Interview with Anita Daher
I interviewed Anita Daher, today’s CreComm guest speaker and Winnipeg writer extraordinaire, by email just before classes started–but decided to save it for when she arrived to speak about her extensive experience as a children’s writer. Note carefully her point about grammar and how editors roll their eyes!
1. What’s the fastest you’ve ever written a book (Describe – how fast, how many words in the end?)
Earlier on in my writing career I wrote much more quickly than I do now, however the fasted by far was Two Foot Punch. Because of an incorrect file transfer and a crashed hard drive I no longer have my draft manuscripts, so I can’t give you an exact word count. It wasn’t a long book—probably around 42,000 words. With an ok from my editor I began writing it in May of 2007. With great relief, I handed it in before my end-of-June deadline…only to be asked if I could rewrite the book from 3rd person to 1st person. I did, and still made the print deadline of August. It was published in October.
2. Your #1 top book recommendation for someone who wants to write for young readers.
Just one? Can’t do it! We all learn from reading others, and so I recommend we read books from other authors, particularly authors we admire, particularly authors who are writing in the genre we are most interested in. Beyond this, I must make three recommendations:
General reference: How to Write a Children’s Book and Get it Published, by Barbara Seuling. The material is well presented, touches on picture books, novels, and non-fiction, and offers guidance on query letters and submission packages.
General skills: Stein on Writing by Sol Stein. This book is meant for any writer, fiction or non-fiction, and offers terrific guidance on pacing, dialogue and originality.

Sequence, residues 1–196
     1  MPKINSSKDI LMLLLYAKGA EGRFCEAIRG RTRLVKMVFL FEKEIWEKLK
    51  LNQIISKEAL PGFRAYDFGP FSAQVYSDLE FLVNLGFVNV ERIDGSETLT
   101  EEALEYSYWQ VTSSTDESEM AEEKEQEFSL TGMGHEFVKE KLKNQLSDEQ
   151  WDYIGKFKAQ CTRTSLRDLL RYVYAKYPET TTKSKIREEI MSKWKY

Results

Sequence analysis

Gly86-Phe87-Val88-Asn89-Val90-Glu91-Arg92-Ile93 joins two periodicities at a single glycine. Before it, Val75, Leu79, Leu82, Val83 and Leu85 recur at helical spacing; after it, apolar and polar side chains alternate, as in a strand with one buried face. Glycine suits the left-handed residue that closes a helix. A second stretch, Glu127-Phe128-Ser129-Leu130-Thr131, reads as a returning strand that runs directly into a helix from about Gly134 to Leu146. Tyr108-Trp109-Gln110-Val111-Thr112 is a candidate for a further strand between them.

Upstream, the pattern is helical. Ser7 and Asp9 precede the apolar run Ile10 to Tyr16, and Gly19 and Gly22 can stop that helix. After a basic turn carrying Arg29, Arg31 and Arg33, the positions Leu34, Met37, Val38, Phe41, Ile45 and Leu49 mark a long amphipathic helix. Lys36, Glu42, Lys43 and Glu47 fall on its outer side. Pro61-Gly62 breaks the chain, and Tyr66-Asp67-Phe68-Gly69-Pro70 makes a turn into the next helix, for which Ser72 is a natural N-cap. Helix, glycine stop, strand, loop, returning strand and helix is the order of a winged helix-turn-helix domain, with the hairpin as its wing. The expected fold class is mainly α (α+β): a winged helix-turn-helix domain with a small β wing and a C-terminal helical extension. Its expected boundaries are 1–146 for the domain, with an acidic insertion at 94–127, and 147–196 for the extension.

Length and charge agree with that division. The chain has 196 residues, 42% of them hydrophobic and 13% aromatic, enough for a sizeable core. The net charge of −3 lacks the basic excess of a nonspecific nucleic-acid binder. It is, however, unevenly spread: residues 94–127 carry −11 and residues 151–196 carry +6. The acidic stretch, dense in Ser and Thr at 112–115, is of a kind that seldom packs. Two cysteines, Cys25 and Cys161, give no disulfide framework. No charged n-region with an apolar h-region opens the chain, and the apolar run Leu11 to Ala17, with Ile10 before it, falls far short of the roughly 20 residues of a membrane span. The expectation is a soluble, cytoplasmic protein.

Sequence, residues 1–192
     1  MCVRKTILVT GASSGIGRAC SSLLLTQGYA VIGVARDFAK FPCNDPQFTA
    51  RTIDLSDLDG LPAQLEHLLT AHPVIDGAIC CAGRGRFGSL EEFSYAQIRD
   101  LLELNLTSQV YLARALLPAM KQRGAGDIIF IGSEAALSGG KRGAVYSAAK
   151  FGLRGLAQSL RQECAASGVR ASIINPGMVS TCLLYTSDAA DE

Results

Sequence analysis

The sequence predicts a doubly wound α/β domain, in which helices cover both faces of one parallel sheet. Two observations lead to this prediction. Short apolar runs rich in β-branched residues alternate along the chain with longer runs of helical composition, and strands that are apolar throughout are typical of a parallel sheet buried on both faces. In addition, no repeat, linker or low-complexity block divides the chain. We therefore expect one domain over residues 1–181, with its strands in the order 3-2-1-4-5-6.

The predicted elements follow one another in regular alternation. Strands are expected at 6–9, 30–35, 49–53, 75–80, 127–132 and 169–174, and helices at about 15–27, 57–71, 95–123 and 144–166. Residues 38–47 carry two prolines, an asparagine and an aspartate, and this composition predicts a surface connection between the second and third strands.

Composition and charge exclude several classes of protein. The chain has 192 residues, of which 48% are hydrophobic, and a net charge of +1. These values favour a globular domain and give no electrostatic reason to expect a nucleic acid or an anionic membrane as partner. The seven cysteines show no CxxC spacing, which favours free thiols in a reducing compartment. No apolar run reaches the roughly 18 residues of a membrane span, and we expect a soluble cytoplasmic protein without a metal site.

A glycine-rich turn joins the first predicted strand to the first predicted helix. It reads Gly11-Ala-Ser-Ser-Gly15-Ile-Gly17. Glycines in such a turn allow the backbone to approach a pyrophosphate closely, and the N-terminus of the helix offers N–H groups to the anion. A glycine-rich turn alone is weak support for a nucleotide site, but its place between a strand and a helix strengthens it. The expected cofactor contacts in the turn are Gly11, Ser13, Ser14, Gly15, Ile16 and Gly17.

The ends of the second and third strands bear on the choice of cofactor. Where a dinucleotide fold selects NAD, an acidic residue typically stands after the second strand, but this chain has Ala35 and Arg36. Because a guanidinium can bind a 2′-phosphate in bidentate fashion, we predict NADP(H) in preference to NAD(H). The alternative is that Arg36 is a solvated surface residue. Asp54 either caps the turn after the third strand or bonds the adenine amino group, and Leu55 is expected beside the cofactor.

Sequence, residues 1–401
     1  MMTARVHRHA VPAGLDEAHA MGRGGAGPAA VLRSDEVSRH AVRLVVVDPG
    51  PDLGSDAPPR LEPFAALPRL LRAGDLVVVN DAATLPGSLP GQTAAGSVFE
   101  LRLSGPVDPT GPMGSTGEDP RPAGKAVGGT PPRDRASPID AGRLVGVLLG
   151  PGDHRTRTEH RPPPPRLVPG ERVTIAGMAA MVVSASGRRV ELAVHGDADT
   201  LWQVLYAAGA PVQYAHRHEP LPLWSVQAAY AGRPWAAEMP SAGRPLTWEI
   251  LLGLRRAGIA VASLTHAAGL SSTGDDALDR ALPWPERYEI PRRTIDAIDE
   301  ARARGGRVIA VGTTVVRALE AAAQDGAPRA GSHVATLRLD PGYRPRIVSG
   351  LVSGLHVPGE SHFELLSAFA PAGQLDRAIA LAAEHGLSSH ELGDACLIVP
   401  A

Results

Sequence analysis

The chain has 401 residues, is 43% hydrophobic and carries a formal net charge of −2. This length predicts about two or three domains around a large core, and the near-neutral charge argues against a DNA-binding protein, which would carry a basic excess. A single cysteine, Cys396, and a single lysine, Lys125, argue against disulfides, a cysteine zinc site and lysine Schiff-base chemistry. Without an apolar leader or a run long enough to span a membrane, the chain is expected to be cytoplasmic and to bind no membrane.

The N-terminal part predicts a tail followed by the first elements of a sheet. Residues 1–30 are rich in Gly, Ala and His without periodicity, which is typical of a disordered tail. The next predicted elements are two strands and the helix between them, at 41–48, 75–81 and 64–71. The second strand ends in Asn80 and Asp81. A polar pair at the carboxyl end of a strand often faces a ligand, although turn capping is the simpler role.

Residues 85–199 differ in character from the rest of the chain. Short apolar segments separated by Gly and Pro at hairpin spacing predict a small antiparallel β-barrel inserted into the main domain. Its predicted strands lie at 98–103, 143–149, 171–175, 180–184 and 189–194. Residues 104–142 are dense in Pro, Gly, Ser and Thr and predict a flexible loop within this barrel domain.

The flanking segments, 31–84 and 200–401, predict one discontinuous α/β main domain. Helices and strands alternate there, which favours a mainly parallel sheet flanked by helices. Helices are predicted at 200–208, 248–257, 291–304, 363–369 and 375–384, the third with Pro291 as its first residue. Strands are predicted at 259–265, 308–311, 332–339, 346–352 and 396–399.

From the department of “too often neglected”: Grammar Girl’s Quick and Dirty Tips for Better Writing by Mignon Fogarty. This guide developed over time from the author’s web site, and is a quick and easy read—enjoyable, even. Too often we let our basic grammar skills slide, or maybe there are areas we were never 100% sure about to begin with. Make a few pages bedtime reading, and increase chances for publication. Stupid mistakes can cause editors to roll eyes, and we want to avoid that whenever possible.
3. You’ve become a horse person. What is so compelling for you about horses?
I love spending time with horses. They are reactive animals, which means when I am with my horse I need to have my mind completely on him so that I don’t miss subtle body language telling me that he is nervous about a scary bush, or annoyed (though my boy is rarely annoyed), or distracted in a way he might step on me. If my mind is completely on him, it is completely off the 24,000 other things going on in my life on any given day. It’s like a vacation. Also, I’ve learned contrary to what I thought when I was a teen, there is a lot more to riding than hopping on and saying “go.” It’s been a rush taking lessons (at my advancing age), and training my body to work all parts together in order to communicate well for a better riding experience.
4. What is your favourite brand and flavour of potato chip, and why?
Oooh…love hate relationship. I love potato chips, and I hate it that I love them. Right now I’d love to hate myself for snacking on (with love) Dutch Crunch kettle Cooked Jalapeño and Cheddar chips. Each one is an experience: loud, and bites back.